The Klik Community hasn't exactly 'thrived' since 2008. Previous to that, there wasn't much in the way of competition. Game Maker was a relatively new product at the time and most other game makers were seriously limited in scope and ability. Today, there are a long list of 'programless' game creation apps. They all share the same market and because of that, users who may have found MMF1 the only option ten years ago might stumble upon a competitor's website first and never know Fusion 2.5 even exists.

I agree with Hagar; the indie game development scene has ruined hobbyist game creation. The general message that gets spread around the indie community is that game creation software like MMF and GameMaker are generally wastes of time, aren't capable of making 'professional games', and are only used as crutches by amateurs unable to design and program conventionally. Most game maker apps aren't even respected as rapid-development or prototyping platforms.

Active users on tDC today are exceptional in the regard that most of us have moved onto programming and more advanced design techniques, but we continue to use Clickteam products because they're fast; we know what CT apps are capable of and most of us know all of the little quirky work-arounds that generally limit new users to producing half-assed 'inside-jokes' and fangames. We've survived the frustration stage without giving up and moving onto true programming languages as a replacement, not just an alternative.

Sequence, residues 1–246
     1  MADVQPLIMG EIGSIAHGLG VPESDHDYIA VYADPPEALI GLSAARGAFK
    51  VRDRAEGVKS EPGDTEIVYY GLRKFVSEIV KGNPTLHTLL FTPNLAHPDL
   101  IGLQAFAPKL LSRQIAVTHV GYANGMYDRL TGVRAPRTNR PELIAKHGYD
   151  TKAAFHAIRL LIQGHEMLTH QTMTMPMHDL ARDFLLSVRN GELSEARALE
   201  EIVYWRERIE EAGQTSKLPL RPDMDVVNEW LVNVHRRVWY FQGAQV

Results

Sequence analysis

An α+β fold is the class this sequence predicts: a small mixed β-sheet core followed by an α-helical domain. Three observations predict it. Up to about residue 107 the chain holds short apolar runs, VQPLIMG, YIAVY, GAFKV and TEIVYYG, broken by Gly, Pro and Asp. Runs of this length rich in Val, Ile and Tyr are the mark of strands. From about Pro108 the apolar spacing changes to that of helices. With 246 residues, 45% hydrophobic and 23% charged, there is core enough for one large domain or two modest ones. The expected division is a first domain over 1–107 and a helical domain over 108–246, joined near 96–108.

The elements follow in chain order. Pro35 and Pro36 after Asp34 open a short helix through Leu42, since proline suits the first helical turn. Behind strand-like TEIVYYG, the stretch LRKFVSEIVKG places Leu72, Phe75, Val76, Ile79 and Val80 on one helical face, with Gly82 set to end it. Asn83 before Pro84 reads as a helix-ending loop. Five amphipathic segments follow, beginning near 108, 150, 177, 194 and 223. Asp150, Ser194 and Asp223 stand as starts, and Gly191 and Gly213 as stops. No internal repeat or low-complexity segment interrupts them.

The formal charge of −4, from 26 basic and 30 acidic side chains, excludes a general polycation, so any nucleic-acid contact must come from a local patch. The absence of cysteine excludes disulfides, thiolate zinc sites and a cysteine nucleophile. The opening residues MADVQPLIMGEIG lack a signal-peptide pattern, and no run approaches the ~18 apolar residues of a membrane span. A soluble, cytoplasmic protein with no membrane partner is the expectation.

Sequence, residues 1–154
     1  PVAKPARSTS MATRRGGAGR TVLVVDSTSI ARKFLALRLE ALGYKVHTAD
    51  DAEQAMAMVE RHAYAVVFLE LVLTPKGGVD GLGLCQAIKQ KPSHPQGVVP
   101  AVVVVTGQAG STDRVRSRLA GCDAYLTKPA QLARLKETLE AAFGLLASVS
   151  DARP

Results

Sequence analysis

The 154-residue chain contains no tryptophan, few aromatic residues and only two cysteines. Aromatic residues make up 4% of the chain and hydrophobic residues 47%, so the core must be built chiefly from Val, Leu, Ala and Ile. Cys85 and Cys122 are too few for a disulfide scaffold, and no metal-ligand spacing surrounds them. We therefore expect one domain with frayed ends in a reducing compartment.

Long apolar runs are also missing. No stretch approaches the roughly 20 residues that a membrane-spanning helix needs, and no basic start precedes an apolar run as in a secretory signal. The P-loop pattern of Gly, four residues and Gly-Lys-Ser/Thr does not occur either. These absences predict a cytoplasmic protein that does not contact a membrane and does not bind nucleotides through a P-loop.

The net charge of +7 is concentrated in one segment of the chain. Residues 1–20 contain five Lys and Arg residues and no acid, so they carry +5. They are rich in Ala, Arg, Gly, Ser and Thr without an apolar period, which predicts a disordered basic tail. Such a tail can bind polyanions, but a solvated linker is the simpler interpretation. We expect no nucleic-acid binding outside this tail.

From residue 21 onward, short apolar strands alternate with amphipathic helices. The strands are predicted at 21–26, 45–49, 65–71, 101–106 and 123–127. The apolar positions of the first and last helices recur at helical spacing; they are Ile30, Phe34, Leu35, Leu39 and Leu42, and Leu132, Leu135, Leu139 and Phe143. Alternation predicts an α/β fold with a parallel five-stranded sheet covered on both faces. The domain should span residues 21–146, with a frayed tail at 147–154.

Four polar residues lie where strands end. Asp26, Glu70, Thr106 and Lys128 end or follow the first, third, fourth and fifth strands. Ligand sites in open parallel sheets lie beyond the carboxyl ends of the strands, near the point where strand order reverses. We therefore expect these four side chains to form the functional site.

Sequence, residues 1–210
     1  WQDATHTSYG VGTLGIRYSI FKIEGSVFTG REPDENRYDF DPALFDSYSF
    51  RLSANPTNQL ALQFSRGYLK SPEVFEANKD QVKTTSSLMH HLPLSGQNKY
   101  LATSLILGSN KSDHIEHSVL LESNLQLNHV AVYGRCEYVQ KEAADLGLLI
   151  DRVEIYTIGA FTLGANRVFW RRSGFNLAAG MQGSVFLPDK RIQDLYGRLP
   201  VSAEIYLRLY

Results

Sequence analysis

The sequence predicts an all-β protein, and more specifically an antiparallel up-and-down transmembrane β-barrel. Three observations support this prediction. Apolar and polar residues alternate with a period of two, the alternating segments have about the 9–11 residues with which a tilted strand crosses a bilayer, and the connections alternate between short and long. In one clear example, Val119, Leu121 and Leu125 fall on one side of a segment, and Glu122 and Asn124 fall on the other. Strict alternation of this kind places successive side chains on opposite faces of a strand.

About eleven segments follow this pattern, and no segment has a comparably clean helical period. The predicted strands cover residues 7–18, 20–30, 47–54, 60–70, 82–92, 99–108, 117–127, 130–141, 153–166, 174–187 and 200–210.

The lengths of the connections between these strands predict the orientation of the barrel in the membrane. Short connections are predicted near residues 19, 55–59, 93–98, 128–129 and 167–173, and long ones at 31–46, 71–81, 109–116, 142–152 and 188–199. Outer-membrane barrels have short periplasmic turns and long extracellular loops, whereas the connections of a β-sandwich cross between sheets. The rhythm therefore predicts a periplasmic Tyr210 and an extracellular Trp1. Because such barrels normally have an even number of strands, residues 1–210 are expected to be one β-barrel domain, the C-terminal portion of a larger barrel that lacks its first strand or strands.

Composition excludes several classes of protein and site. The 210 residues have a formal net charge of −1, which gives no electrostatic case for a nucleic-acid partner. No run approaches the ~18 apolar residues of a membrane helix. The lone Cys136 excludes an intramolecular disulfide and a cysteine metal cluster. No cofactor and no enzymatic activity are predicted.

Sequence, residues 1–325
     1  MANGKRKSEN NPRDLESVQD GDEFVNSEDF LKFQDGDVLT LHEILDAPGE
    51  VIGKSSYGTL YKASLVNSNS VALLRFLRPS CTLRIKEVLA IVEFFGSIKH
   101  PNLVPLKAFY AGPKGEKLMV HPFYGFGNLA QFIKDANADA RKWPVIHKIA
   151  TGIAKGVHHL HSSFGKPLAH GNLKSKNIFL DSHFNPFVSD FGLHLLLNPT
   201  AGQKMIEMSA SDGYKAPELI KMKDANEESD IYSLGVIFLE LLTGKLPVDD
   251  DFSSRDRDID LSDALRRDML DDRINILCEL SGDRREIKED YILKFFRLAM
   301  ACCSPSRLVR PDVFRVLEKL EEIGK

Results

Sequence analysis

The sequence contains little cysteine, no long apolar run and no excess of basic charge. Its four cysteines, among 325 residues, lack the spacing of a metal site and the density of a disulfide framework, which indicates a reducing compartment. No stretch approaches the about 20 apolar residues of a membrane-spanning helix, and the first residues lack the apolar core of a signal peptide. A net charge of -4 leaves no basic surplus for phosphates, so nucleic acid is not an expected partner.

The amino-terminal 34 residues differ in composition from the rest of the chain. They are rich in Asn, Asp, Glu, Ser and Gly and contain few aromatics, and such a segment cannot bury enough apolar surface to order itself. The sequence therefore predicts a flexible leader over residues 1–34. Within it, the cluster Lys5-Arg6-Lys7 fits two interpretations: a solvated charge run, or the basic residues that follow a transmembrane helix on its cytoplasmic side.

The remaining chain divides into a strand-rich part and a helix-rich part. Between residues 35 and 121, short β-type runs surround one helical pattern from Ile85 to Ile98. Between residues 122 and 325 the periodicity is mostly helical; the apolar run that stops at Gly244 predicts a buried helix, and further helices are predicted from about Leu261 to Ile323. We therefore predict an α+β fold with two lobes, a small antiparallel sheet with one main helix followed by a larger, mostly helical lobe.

It took me four years to truly understand Photoshop, three years to learn web design, and three years to feel comfortable programming in .NET. It's taken me six years to achieve what I feel is a profound understanding of MMF2. I still come around here asking questions every now-and-again. Learning new programming and design methods is a chore and most new game designers are told to jump right into programming and skip learning simple programming concepts first.

I'll admit I'm mostly a 'graphics guy', but I wouldn't be half of the programmer I am today if I couldn't mock-up clients in MMF then jump into .NET and program using event scripting as a model. I've also made lots of little personal utilities in MMF I didn't want to waste time trying to program in .NET.

I don't think the Klik scene will ever be the same as it was, but I don't mean to say I think it's dead. If Clickteam re-approaches their marketing strategy to embrace programmers and the indie game community as opposed to operating as an alternative to both I'm sure that CT would benefit from an influx of new users, some of whom will inevitably become bored or frustrated with the no-nonsense, humorless content on clickteam.com and end up here.